Decadal Changes in Phragmites australis Performance in Lake Eyre Supergroup Spring Communities Following Stock exclusion

Lewis, S., and Packer, J G. (2020)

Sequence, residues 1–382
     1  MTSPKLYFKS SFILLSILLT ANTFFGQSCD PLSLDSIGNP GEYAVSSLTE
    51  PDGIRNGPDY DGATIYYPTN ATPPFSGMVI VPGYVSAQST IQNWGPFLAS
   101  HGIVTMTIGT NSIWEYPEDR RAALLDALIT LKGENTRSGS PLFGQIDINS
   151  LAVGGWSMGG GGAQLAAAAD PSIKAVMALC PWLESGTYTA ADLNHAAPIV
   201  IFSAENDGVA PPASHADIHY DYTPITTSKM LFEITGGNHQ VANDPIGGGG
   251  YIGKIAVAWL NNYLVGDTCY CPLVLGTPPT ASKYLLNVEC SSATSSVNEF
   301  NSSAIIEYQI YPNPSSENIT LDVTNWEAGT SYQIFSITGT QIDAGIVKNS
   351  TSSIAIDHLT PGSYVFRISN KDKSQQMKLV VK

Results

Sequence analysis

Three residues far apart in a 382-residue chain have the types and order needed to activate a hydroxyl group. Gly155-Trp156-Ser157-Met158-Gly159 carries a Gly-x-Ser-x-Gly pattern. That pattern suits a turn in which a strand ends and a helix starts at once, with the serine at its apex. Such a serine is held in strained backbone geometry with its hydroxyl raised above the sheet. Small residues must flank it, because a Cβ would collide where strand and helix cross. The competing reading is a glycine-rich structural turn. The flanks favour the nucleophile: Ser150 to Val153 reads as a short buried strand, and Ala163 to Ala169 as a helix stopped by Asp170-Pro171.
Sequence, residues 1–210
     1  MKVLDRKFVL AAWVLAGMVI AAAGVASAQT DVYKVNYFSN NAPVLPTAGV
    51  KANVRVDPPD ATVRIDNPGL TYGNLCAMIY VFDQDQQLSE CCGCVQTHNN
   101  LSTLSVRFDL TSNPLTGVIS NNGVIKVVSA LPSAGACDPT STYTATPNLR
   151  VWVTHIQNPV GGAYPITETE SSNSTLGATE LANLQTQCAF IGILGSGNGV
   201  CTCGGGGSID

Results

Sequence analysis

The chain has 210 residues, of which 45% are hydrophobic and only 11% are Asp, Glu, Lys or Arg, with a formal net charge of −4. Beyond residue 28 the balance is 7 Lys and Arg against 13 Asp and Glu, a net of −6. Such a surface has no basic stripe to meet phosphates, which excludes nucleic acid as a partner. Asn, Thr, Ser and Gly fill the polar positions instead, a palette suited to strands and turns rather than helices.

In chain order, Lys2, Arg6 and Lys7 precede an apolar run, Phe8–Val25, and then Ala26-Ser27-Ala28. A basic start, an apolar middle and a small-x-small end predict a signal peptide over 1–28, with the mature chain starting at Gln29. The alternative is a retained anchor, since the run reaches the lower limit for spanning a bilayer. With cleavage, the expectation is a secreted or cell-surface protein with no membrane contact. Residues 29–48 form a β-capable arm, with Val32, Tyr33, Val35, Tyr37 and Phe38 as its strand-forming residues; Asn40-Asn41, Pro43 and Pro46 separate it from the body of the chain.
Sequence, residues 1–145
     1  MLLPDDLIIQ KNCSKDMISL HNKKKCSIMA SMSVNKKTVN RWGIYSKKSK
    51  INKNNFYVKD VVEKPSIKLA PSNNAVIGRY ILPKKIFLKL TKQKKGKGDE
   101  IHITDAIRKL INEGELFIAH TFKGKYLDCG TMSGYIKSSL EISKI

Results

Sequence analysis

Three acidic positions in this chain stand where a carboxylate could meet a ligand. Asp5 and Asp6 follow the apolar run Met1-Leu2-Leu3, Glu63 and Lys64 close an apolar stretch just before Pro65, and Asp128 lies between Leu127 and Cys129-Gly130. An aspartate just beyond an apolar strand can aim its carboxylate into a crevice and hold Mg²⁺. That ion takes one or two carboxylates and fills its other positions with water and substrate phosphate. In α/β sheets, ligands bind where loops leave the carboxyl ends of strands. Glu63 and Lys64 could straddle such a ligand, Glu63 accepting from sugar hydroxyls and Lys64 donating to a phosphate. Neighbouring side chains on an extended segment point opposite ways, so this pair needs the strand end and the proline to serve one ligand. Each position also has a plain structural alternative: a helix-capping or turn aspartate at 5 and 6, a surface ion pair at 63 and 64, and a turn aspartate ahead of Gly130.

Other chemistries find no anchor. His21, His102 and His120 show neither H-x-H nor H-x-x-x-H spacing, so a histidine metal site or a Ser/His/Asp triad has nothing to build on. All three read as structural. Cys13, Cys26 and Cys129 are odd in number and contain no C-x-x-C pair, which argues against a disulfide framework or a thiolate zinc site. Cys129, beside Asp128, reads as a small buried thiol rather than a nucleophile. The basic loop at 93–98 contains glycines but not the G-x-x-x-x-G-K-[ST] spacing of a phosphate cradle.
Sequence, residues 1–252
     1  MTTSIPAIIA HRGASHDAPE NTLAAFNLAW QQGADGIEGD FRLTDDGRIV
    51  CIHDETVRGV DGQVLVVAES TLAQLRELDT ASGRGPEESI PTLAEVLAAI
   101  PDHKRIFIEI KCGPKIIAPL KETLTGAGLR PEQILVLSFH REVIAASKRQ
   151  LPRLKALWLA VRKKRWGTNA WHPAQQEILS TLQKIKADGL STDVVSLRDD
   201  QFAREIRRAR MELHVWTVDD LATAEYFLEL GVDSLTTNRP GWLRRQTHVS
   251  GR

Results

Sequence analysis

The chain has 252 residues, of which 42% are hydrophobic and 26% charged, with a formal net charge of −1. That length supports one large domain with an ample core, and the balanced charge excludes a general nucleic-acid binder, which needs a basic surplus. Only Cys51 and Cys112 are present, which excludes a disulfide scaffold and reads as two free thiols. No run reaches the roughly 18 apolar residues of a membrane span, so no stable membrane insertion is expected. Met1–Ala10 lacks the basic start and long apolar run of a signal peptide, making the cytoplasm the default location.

Many ecosystems around the world are vulnerable to competitive expansion by cosmopolitan colonisers (e.g. Phragmites australis, common reed) where human-mediated disturbance increases nutrient levels. Yet our understanding of the long-term dynamics within vegetation communities once this disturbance has been excluded, and how best to reduce the residual negative effects, is limited. The Great Artesian Basin (GAB) springs in South Australia offer a useful case study of vegetation responses post-disturbance because they form a collection of semi-independent ecosystems with a rich management history, from burning by Aboriginal people to pastoralism and stock exclusion from some springs since the 1980s. This paper presents a case study based on 35 years of observational data on the response of P. australis and other wetland vegetation at protected GAB springs of the Lake Eyre supergroup. The case study aims to understand how naturally present P. australis performs within GAB spring communities following stock exclusion. Where P. australis was present at the time of stock exclusion, it became monodominant across the main pool of several springs within the first decade, and expanded throughout the spring tail during the second and third decades. The endangered salt pipewort (Eriocaulon carsonii) appears to have been reduced in distribution and abundance where P. australis became monodominant. However, in two promising cases, P. australis dominance waned after 30+ years of stock exclusion and, in another, has not colonised a spring free of P. australis at the time of de-stocking despite the presence of source populations in a neighbouring spring. These findings suggest that decadal cycles of above-ground dominance followed by decline may occur in some GAB springs where P. australis was present at the time of stock exclusion. Active management of P. australis may be required, particularly where its dominant expansion phase poses a threat to species of conservation significance.